But that did not stop me from pumping the gas into my car.

Why is it that I continue to live and participate in a way of life that I know is destroying the planet? I am an informed and willing participant in an empire that enjoys diagnosing people or dropping bombs on them. ‘Cognitive dissonance’ I believe is the term for it.

So why do I continue to play along? Why don’t I join the BRYCC House or LAVA House anarchists in resisting by refusing to participate in this evil empire? Why don’t I focus my energies on working with the bohemians and progressives in developing a sustainable, democratic economy and a cooperative way of life?

I know very well why. I know the logic and path of this internal argument as well as I know my drive to work, which, incidentally, both end up at the same place. If I drop out now, I’ll be a fugitive, with an enormous debt that can be used to harass me and keep me down. On the other hand, if I pay off my debt, and get licensed in my field, then I’ll have the freedom and power to resist effectively. I’ll have also proven that I can survive this system before fighting against it. Which leaves me in the parking lot at my office. Before I can step out of my car and walk in, I have to deal with the rebuttal.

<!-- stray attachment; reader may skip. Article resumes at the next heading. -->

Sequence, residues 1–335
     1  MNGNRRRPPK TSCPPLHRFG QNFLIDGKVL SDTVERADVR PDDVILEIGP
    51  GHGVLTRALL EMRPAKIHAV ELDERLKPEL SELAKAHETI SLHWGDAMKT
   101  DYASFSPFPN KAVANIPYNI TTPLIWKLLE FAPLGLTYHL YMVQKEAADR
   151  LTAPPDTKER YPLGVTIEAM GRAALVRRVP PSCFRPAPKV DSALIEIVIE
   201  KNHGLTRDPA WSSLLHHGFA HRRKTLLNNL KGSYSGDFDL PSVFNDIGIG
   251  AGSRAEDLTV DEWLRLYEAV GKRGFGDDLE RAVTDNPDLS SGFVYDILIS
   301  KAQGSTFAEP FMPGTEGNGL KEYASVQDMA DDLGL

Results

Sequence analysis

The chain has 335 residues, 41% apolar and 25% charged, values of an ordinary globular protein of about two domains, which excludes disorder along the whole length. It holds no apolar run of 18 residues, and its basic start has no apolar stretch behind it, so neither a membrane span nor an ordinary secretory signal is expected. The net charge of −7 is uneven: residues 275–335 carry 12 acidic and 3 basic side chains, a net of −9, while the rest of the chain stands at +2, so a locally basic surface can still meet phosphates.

“So after you’ve paid off your student loans, and after you’re a licensed social worker, you’ll probably have taken out a car loan, ‘cause I sure ain’t gonna keep trucking your ass back and forth across the river,” says the odometer of my 91’ Volvo sedan.

“Ah, come on. You’ve taken me 230 thousand miles. You can carry me another 70 thou,” I reply. “Ha! On your salary it’ll take more than 70 thousand miles to get yourself out of debt. And you won’t stop with a car loan neither. You’ll have to get yourself a house, ‘cause it makes too much sense to pay on a mortgage rather than throw money away on rent. And at some point you’re bound to fall in love again and wind up married with kids. Factor in health insurance, college funds, and retirement funds. Face it, dude. You're stuck.”

At that point I get out of the car, knowing it is pointless trying to reason with the odometer. “Just get the student loans paid, and then you can quit,” I tell myself as I walk into the building, with a satchel of paperwork and a travel mug full of coffee. I ignore the fact that on my salary it will take far more than the four years I envision it taking, to finally break even.

And so I proceed to work each day, consuming more gas and more coffee. In fact, all that I consume is basically a fuel to propel me through my days toward some far away freedom. But the products and services that comprise this fuel have a secret. Their origin is so distant from me that I can only imagine the truth of the food I buy, the clothes I wear, the electric and gas power I require. It’s like a giant pyramid scheme. At any given moment, I can look around me and find more manufactured stuff than I would have time to count. 90% of it is probably crap. If I just consider the 10% that actually sustains my life force, I’m still left wondering where the people are who produce that 10%. Who are the people making my underwear? Where was my coffee mug made? What about my microwave, or my bedsprings? Or the croutons in my salad? And where the hell is the stop light factory?